OT: (Fwd) Evasion with OLE2 Fragmentation

Ian cobalt-users1 at fishnet.co.uk
Mon May 18 12:22:43 IST 2009


I saw this on the Security Focus PenTest list and thought it may be relevant here.  It 
describes a technique to evade Virus Scanners using MS Office Documents.



------- Forwarded message follows -------
Date sent:      	Fri, 15 May 2009 08:40:27 -0500
To:             	pen-test at securityfocus.com
Subject:        	Evasion with OLE2 Fragmentation
From:           	"H D Moore" <sflist at digitaloffense.net>
Date forwarded: 	Fri, 15 May 2009 21:37:44 -0600 (MDT)

Something to keep in mind when using Office doc exploits during  
penetration tests:

(links active within in the article itself)


At BreakingPoint, we provide comprehensive coverage of Microsoft Tuesday  
patches. This Tuesday was no different and we released StrikePacks 45799  
and 45800 to cover MS09-017 (the PowerPoint vulnerabilities). In addition  
to writing exploits for these flaws, we also research application-specific  
evasion methods. In the case of file format flaws, we support evasion at  
every level, including techniques like IP fragmentation, alternate MIME  
encodings, HTTP compression, and data randomization within the files  
themselves. While working on Strike coverage for MS09-017, we discovered a  
simple way to bypass mainstream anti-virus and IPS signatures for  
malicious Office documents. This post talks about the method we used and  
some of our test results against popular anti-virus products.

Microsoft Office documents have been abused by security researchers and  
malware writers for many years. In 1999, Melissa, one of the first email  
viruses, used Visual Basic macros to send itself to all addresses in the  
victim's address book. Since then, macro security has been greatly  
improved, and attackers have moved on to exploiting parsing flaws in the  
Office software itself. This month, Microsoft released patches to address  
14 vulnerabilities in the PowerPoint document parsers. Unlike traditional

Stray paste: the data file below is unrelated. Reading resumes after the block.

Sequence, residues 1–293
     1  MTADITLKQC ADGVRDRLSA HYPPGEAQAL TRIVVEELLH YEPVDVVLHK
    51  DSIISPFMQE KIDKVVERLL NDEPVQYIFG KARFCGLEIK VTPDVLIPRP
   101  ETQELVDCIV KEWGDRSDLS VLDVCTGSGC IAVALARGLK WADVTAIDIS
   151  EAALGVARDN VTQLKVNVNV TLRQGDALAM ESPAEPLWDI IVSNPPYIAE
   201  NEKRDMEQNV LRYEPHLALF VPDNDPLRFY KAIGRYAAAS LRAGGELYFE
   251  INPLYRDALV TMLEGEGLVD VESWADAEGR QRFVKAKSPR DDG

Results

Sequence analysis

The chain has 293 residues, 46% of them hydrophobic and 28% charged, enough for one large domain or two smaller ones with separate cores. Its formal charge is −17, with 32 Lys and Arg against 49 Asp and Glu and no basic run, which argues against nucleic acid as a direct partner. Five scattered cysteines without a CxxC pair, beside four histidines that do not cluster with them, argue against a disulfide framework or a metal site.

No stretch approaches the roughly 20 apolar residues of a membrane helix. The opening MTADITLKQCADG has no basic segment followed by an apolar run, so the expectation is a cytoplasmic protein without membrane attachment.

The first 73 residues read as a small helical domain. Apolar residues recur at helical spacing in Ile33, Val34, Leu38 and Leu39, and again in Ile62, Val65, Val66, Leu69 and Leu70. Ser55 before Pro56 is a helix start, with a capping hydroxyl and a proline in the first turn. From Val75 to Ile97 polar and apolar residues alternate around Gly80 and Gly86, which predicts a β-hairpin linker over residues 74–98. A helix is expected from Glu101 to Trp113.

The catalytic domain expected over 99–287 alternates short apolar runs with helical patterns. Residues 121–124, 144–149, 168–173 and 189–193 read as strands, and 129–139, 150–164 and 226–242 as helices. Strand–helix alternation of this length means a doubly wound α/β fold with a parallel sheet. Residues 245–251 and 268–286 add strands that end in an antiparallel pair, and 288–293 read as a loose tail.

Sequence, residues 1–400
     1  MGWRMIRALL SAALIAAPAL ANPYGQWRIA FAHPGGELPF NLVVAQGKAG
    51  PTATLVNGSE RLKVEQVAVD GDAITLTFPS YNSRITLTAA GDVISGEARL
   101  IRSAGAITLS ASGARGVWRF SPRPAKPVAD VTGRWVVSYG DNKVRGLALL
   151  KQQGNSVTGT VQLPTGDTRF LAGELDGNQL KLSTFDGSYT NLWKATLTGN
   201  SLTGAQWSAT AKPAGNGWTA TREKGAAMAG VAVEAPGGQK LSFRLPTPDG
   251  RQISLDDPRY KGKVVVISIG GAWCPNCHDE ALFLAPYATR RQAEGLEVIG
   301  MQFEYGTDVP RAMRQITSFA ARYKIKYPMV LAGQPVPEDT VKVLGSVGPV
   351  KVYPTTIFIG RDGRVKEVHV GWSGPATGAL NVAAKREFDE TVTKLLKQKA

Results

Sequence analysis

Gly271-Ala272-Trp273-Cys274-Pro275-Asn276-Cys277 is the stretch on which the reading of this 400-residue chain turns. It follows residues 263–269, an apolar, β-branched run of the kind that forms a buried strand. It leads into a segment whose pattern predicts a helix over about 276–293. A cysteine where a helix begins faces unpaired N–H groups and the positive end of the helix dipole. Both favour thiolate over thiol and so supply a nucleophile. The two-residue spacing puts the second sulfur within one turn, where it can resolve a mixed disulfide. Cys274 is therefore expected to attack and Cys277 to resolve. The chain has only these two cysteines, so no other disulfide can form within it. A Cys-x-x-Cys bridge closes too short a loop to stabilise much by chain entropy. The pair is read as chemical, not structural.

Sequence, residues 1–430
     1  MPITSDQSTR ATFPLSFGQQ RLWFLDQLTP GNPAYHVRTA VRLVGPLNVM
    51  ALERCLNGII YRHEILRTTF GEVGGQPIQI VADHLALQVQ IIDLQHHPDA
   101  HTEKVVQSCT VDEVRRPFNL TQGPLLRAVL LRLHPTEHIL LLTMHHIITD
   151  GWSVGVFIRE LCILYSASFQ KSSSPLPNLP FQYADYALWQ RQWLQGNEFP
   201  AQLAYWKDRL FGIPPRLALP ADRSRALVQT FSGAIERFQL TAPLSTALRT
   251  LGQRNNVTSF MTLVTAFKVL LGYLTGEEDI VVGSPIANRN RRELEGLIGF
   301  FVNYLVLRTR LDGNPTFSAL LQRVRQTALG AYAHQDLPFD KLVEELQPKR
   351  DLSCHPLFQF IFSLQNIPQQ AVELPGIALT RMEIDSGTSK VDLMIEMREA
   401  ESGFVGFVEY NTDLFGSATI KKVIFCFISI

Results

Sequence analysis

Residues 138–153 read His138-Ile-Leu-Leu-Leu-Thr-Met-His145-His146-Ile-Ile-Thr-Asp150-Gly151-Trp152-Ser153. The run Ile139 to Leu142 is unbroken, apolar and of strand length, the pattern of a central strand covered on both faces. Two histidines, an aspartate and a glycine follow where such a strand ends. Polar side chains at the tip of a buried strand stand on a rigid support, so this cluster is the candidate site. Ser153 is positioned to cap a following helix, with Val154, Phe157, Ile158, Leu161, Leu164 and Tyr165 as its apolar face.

network attacks, file format flaws are notoriously difficult for IPS  
vendors to identify accurately. To remedy this, the anti-virus industry  
has added file format exploit detection into both desktop and network  
gateway scanning products.

Office documents are some of the most convoluted file formats in  
wide-spread use. The basic structure of these files is based on the  
Compound Document Format (OLE2 Structured Storage). This format is  
essentially a block-based filesystem with specific files and directories  
for each type and version of Office document. The actual "file" entries  
within these documents are also proprietary and change based on the  
version and features of the Office software used to create them. In order  
to detect a file format exploit, the parsing software needs to understand  
OLE2, locate the correct entry containing the document contents, and parse  
through that content to locate the specific structure that triggers the  
exploit. This process is CPU intensive and requires the parsing software  
to have a deep understanding of the version-specific Office document data  
inside of the OLE2 container. Creating software to do this correctly is  
expensive and time consuming, so the easy solution is to ignore the  
document format entirely and just scan for exploit-specific signatures.